Tarte Tatin

One of the most famous French tarts is the upside-down apple tart that according to legend was created by mistake by the Tatin sisters in the 1880s. Baking the cake upside-down helps to keep the crust crispy. The other success factor is the combination of apples with caramel. It sure is delicious and not that hard to make — the tricky part is turning it at the end.

A few weeks ago I made a very simple Tatin cheat using store-bought puff pastry but without turning the tart. Many recipes for Tarte Tatin use store-bought puff pastry, but I’m quite sure that the Tatin sisters used more simple pastry so instead I made pastry dough from scratch. Here’s my version. You will need an oven-proof flat pan with a diameter of 28 cm (11″).


For the pastry dough

200 grams (1 1/4 cup) pastry flour

100 grams (7 Tbsp) cold butter

1 tsp salt

2 Tbsp sugar

1 egg, beaten

For the apple-caramel filling

3 firm large apples

200 grams (1 cup) sugar

200 ml (5/6 cup) water

1 tsp cinnamon

40 grams (3 Tbsp) salted butter, or use unsalted butter and add a generous pinch of salt


Put the pastry flour, salt and sugar in the bowl of a food processor, preferably with the pastry attachment but the metal blade should also do the trick. Add the cold butter in cubes.

Process until you obtain a mixture that looks like sand.

Add most of the beaten egg, saving just a tablespoon or so for brushing the pastry later.

Process until the dough starts to come together.

Shape the dough into a thick round disc with your hands.

Wrap it in plastic wrap and refrigerate for half an hour so. If you refrigerate it too long, it will be difficult to roll out the dough. Without refrigeration, the dough will fall apart when you try to lift it.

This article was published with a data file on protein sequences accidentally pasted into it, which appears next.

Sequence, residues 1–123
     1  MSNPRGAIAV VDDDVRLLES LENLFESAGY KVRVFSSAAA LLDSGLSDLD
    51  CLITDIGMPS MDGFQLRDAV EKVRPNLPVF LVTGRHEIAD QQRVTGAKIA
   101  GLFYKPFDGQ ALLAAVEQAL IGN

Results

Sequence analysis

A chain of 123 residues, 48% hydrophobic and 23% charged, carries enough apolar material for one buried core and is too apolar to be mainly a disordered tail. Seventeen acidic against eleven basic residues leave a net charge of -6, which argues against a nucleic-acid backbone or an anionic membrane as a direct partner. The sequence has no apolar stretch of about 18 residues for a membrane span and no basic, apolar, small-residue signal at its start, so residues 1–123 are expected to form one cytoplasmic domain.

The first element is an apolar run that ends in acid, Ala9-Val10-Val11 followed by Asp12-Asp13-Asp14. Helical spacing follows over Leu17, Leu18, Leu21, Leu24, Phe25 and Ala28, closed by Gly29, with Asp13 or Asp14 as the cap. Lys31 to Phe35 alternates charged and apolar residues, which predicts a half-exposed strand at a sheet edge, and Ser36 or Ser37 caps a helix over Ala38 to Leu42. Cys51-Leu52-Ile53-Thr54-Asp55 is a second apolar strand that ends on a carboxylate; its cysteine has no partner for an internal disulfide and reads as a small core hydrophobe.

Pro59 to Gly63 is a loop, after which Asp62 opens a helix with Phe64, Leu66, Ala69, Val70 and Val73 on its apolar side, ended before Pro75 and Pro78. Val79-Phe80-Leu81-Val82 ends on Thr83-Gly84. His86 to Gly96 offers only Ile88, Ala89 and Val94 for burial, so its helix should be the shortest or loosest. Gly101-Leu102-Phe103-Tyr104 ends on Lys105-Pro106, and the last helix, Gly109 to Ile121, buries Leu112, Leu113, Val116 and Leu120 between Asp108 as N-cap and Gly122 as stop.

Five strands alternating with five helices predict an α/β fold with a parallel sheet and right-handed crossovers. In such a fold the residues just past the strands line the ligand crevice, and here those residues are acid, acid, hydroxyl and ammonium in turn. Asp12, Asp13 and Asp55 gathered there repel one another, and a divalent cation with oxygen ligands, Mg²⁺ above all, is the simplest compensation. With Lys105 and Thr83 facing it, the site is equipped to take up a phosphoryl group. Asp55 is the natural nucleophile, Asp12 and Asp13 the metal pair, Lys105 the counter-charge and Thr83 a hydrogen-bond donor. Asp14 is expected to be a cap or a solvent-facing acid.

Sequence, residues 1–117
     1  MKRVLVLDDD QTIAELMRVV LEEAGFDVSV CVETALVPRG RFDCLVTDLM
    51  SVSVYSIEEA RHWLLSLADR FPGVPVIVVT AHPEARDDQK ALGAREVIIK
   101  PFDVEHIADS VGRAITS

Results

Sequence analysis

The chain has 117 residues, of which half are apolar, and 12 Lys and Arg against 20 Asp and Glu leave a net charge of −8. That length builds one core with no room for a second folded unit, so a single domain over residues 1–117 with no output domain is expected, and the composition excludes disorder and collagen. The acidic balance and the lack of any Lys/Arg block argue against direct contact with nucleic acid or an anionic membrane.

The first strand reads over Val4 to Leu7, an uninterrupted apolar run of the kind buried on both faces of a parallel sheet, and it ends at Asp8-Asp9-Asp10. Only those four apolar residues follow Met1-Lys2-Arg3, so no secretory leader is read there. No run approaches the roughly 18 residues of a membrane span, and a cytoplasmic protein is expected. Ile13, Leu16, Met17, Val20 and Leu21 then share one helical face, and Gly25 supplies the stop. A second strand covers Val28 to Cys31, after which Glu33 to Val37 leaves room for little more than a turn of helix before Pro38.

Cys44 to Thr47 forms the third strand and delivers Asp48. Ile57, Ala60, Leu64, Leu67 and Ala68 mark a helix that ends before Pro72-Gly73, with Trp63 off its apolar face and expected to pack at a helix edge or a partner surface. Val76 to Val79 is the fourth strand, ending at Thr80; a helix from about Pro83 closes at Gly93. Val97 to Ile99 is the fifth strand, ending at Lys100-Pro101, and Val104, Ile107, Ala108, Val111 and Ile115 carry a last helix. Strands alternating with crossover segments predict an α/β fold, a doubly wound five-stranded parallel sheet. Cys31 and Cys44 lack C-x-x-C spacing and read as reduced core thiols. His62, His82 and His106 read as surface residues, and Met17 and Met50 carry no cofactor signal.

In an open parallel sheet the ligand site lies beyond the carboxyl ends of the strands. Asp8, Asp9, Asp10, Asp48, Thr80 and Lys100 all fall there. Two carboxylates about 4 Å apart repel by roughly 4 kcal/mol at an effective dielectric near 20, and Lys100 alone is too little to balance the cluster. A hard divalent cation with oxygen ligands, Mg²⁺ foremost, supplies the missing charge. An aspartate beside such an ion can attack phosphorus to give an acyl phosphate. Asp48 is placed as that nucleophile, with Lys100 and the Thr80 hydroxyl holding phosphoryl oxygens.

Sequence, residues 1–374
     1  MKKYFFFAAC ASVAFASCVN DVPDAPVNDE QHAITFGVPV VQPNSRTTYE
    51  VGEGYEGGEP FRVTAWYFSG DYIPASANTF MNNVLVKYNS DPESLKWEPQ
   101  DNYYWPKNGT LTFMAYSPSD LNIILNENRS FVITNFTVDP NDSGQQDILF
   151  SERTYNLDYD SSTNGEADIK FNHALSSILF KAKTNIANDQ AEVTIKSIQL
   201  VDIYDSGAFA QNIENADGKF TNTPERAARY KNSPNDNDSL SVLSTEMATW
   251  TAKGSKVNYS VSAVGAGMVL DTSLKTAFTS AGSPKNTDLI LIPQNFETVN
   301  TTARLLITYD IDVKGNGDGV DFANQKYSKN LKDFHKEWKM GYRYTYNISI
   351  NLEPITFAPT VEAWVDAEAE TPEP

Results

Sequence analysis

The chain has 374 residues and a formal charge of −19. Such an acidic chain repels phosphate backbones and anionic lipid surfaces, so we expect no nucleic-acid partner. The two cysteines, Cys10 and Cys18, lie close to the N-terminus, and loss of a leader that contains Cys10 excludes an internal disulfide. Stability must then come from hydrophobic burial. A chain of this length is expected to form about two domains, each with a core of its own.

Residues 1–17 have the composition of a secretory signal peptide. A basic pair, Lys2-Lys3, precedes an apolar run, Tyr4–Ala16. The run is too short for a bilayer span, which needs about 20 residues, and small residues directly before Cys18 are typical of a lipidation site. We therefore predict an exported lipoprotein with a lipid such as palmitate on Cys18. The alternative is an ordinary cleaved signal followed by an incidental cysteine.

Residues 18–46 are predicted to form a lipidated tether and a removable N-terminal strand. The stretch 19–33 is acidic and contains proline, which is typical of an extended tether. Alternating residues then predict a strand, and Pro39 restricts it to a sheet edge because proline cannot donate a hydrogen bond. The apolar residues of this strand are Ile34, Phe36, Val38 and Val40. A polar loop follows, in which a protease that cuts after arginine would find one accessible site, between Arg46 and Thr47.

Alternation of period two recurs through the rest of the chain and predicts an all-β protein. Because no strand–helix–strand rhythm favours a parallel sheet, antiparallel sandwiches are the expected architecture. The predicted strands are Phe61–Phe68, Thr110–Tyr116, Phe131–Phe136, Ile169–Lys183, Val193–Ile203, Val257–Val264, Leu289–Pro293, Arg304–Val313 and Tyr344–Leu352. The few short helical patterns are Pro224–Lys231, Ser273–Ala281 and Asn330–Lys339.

After half an hour, take the dough out of the refrigerator and out of the plastic wrap. Roll it out with a rolling pin on a floured work surface.

Use the pan (or the cover of the pan) to measure the size of the dough.

Create a circle of 28 cm in diameter (11″).

Wrap the circle in plastic foil, put it on a large plate, and refrigerate for at least an hour.

Preheat the oven to 200C/390F. Peel and core the apples and cut each apple into 16 wedges.

Combine the sugar and water for the caramel in the 28 cm (11″) pan and heat over high heat.

Continue to heat, without stirring, until a caramel starts to form that has a nice amber color. If the caramel doesn’t form evenly, it is okay to tilt and swirl the caramel in the pan, but do not stir.

Add the apples before the caramel turns dark brown, and toss the apples in the caramel to coat them on all sides. Lower the heat to medium.

Add the salted butter (or unsalted butter and a generous pinch of salt) and cinnamon and stir to incorporate.

Arrange the apple slices in a nice pattern. The apples should be slightly soft; cook a bit longer if needed. Do not cook too long, otherwise the apples may fall apart. Turn off the heat.

Take the dough out of the refrigerator and try to arrange it in one piece on top of the apples. It is not a major issue if it tears a little.

Brush the dough with the remaining beaten egg.

Bake for 30-35 minutes at 200C/390F until the pastry is golden brown.

Take the tart out of the oven.

Put a large plate on top of the pan.

Turn over the pan and the plate. Be careful because hot caramel may leak. The tart should now fall onto the plate. If this doesn’t happen, you may have to loosen the edge of the pastry with a knife.

If all went well, you will have a beautiful tarte tatin! You can serve it immediately or allow to cool if you prefer.

Wine pairing

Tarte tatin is great with sauternes, especially one with a lot of sémillon and some oak, as that goes best with the caramel.


32 thoughts on “Tarte Tatin

  1. Wonderful photos which really “walk” the person through the procedure! ChgoJohn & I are hoping that the caramel/apple mixture is easier than the caramel both he & I recently tried to make…. and gave up on!!


      1. The pastry shouldn’t be too hard for me because I’ve made pastry off & on through the years. It’s the caramel that both ChgoJohn and I had trouble making. I’m gonna let you know if, following your directions, I’m finally able to make caramel.
        And thanks for your suggestion of using cake flour or pastry flour. What a wonderful tip !!